|Date||May 5, 2006|
|Speaker||Jeremy Kepner (MIT - Lincoln Laboratory)|
|Topic||The DARPA High Productivity Computing Systems (HPCS) Program and the Path to Usuable Petascale Computing|
High Performance Computing has seen extraordinary growth in peak performance from Megaflops to Teraflops in the past decades. This increase in performance has been accompanied by a large shift away from the original national security user base of the 1970s and 1980s to more commercially oriented applications (e.g., bioinformatics and entertainment). In addition, there has been a significant increase in the difficulty of using these systems, which is now the domain of highly specialized experts.
In response to these trends the DARPA High Productivity Computing Systems (HPCS) program was established to produce a new generation of economically viable high productivity computing systems for the national security and for the industrial user communities. The primary technical goals of the program are to produce petascale computers that can better run national security applications and are usable by a broader range of scientists and engineers. The HPCS program is fostering many technological innovations. One of the most important is the concept of a flatter memory hierarchy, which means that data from remote processors can be retrieved and used very efficiently. A flatter memory hierarchy will result in a significant performance increase (up to 2000x) in certain important classes of applications. In addition, a flatter memory hierarchy is much easier to program because the user doesn't have to worry as much about precisely tailoring their application to avoid the high cost of retrieving data.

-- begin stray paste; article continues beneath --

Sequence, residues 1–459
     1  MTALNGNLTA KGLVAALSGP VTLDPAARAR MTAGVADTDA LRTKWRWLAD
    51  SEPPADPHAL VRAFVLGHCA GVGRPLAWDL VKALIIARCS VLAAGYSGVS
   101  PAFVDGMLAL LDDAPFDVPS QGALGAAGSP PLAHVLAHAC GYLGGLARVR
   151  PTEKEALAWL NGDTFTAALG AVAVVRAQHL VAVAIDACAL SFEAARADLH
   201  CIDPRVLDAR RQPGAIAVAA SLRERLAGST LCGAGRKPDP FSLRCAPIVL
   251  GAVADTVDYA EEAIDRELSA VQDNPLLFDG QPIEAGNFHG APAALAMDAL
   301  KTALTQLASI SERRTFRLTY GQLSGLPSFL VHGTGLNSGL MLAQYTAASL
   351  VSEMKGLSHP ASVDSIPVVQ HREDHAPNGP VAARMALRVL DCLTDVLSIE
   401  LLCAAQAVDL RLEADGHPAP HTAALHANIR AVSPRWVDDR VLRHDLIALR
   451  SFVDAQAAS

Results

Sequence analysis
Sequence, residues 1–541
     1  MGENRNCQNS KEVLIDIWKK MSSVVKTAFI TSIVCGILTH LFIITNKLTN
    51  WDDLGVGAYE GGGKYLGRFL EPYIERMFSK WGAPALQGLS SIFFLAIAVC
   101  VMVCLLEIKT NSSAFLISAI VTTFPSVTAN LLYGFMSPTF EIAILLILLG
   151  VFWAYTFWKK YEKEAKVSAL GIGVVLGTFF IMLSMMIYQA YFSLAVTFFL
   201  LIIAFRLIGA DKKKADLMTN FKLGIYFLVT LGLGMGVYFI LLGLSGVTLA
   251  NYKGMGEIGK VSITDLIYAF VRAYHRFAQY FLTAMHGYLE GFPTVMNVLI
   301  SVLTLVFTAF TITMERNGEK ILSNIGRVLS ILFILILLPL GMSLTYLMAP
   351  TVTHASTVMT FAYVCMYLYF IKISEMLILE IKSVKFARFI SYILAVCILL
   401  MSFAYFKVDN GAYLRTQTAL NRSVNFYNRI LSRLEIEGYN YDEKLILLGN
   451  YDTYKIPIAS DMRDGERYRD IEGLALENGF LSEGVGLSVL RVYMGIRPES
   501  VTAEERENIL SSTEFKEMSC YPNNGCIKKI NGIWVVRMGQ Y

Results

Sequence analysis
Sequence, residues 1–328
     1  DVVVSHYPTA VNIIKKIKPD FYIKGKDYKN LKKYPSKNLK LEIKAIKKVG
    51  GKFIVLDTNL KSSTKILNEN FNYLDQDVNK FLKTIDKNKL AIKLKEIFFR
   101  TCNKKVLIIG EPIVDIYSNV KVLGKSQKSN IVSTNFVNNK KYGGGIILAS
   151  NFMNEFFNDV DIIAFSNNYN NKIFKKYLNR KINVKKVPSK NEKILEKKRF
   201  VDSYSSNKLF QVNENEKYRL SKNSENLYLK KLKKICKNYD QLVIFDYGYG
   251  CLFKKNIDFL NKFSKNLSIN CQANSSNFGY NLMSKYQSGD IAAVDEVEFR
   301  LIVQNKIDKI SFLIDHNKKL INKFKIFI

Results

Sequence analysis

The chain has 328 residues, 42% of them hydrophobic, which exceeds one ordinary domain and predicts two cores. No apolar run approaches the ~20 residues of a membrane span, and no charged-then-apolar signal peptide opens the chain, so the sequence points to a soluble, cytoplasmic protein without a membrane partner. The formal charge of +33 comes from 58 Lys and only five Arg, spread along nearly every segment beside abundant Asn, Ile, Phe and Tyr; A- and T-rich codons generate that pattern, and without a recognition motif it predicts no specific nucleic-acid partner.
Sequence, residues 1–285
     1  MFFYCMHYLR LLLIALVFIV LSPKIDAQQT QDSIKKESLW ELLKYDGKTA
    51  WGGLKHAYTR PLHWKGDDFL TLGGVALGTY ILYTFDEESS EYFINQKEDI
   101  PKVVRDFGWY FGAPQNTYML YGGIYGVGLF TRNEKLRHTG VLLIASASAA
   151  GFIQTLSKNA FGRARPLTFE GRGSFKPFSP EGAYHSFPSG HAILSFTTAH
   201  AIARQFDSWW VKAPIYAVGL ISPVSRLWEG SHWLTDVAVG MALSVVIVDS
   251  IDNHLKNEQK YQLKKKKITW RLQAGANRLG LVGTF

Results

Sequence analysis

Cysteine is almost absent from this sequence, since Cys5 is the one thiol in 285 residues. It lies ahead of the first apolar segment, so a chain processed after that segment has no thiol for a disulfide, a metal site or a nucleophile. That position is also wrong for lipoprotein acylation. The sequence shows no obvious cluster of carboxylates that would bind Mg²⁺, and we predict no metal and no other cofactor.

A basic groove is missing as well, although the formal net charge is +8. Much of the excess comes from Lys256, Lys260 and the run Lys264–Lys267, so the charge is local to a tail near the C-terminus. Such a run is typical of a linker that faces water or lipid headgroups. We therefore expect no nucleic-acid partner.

To measure the memory hierarchy the HPCS program has developed the HPC Challenge benchmark suite and has sponsored the HPC Challenge contest that awards a prize for the best performance on each benchmark. In addition, there is also a coding contest, which rewards the best and most clearly written implementations of the benchmarks. This talk will discuss the results of the first HPC Challenge contest, as well as provide an overview of the HPCS program.
*This work is sponsored by the Defense Advanced Research Projects Administration under Air Force Contract FA8721-05-C-0002. Opinions, interpretations, conclusions, and recommendations are those of the author and are not necessarily endorsed by the United States Government.
We thank the generous support of MIT IS&T, CSAIL, and the Department of Mathematics for their support of this series.